Don’t Store Your Username and/or Password in Your Browser

Browsers and other programs try to be helpful by asking us if we want them to remember our username and/or password. Depending on the site you’re visiting, it might be just fine to say yes and it CAN be a helpful feature. However, never, ever, EVER agree to that when client data is involved – which includes the email system you use with your clients. The reason is simple: if your browser has this information saved for you, a potential bad guy doesn’t even have to try to guess your password or hack into your system. You’re handing it to them on a silver platter and they can log in as easily as you can. And, as was mentioned in the opening paragraph of this article, the strongest encryption in the world can’t protect against someone who has access to your password.

Clear Your Browser History Frequently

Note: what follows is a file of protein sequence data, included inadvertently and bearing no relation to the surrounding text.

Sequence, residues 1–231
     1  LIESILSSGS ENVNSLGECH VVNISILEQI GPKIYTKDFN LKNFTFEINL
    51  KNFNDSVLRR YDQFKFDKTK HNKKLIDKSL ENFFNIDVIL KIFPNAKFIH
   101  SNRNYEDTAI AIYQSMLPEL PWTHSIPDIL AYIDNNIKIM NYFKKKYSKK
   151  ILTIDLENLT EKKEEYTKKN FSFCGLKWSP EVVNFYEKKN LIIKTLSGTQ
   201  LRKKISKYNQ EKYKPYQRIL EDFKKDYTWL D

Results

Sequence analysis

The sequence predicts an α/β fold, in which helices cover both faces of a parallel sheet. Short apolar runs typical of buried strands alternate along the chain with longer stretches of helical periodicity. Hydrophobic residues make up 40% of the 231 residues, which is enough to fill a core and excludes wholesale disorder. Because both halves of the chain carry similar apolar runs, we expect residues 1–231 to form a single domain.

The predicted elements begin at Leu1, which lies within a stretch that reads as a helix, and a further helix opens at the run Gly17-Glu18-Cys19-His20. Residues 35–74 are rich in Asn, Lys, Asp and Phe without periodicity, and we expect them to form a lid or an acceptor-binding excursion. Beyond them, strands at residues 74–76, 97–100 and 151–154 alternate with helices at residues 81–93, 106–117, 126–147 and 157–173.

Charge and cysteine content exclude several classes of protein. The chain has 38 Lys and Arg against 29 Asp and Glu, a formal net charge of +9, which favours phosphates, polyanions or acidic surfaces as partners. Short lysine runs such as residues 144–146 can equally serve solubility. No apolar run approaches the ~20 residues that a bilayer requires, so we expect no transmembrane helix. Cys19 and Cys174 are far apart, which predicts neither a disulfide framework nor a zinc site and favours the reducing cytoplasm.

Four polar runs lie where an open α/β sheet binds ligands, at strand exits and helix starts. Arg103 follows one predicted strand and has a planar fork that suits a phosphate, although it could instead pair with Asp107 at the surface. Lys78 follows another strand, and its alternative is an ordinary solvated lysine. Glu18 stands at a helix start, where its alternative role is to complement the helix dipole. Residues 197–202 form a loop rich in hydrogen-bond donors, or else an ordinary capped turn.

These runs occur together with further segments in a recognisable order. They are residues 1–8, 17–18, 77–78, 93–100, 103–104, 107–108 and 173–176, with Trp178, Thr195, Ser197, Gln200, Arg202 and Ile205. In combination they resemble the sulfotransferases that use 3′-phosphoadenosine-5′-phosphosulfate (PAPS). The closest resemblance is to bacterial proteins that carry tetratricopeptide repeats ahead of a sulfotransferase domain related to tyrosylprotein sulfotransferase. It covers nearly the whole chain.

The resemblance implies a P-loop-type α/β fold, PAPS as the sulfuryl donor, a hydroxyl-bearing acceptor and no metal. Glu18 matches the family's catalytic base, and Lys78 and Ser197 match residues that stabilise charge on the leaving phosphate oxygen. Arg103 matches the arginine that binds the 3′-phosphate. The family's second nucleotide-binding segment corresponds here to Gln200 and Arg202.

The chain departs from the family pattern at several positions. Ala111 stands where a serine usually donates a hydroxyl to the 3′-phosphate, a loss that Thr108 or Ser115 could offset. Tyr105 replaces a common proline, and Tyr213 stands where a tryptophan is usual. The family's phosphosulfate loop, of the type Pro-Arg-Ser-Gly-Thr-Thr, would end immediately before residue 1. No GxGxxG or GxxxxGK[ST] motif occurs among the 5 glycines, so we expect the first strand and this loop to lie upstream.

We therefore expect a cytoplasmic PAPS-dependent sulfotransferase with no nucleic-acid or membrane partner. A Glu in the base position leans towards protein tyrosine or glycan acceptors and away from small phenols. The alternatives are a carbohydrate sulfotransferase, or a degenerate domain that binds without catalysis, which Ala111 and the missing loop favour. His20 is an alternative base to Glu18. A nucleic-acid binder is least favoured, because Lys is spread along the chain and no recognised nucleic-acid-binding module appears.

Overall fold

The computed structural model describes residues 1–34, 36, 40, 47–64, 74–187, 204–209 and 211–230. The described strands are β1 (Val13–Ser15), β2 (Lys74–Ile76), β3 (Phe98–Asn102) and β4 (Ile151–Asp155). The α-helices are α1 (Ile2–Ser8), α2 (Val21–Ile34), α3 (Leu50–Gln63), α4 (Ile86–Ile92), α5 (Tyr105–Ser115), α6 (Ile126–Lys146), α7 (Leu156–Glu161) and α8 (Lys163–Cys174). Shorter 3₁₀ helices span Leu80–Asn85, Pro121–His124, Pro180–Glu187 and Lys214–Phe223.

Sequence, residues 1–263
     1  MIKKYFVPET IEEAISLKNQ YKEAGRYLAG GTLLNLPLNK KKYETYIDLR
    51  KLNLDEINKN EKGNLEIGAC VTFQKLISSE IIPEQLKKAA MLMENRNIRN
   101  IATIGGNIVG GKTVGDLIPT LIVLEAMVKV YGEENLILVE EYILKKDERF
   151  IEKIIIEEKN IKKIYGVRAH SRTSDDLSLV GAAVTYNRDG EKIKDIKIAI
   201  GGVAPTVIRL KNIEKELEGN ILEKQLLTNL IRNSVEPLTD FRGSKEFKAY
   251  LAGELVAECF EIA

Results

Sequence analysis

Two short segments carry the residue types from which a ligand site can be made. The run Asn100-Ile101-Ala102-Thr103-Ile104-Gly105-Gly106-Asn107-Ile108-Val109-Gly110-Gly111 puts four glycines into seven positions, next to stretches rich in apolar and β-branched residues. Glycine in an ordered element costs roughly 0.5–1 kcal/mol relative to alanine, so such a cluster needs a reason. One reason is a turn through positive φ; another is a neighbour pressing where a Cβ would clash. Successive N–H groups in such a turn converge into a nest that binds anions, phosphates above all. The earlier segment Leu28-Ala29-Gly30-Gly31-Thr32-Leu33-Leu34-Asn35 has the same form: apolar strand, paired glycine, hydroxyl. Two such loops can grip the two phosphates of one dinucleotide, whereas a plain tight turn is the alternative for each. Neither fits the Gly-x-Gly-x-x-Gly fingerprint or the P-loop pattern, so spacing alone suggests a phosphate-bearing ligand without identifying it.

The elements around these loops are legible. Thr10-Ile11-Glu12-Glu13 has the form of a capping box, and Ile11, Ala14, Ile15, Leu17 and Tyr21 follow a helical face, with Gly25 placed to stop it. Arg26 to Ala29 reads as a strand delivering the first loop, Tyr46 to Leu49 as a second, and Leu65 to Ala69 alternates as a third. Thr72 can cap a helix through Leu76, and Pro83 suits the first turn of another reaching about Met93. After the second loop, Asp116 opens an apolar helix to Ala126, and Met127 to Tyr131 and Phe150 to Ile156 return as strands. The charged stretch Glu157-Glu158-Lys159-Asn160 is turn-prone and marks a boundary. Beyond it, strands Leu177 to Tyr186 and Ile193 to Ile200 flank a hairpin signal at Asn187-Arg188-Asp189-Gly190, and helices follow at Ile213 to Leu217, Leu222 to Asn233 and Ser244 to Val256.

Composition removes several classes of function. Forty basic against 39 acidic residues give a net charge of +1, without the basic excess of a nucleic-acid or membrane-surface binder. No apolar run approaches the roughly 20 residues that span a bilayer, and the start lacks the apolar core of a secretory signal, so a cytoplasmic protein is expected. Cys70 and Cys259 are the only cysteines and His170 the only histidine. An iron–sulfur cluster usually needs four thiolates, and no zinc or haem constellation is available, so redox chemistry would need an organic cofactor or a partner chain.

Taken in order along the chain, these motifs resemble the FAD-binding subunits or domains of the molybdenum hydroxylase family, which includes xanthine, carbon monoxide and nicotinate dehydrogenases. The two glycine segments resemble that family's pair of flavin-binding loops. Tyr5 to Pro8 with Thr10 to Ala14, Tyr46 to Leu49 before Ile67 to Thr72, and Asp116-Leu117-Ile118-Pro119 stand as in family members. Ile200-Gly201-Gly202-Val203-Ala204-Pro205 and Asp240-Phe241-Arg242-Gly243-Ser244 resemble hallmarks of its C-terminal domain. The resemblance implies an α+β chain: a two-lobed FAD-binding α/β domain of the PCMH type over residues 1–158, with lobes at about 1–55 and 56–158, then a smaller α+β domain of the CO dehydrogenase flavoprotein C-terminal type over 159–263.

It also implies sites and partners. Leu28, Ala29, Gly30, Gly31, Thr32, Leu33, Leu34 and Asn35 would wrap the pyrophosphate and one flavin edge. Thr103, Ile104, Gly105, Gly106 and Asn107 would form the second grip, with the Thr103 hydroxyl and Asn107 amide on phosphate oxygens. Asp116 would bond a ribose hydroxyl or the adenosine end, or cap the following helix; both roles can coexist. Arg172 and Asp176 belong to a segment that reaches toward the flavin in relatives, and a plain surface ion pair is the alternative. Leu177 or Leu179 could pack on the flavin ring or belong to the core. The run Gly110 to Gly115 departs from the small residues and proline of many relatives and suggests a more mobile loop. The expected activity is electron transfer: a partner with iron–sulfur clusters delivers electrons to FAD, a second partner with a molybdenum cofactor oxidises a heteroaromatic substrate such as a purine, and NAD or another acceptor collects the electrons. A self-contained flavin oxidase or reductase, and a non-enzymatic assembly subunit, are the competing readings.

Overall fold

This is another advantage of web-based email. Each browser has a way that you can clear your web-browsing history – often referred to as your “cache”. The advantage of doing this is that if someone gains access to your computer right after you cleared your cache, they’re not going to know which program you use for your email, much less how to get into it. How often you do this is up to you, although clearing your cache is also part of good computer care in general. You’ll be able to browse much faster with a recently cleared cache.

Summary

Remember, safe email consists of the following:

  • Data in motion encryption
  • Data at rest encryption
  • Safe email habits

When you use PSYBooks’ encrypted email, the first two are taken care of for you. Hopefully, this article will help you with your part of the equation, i.e., safe email habits.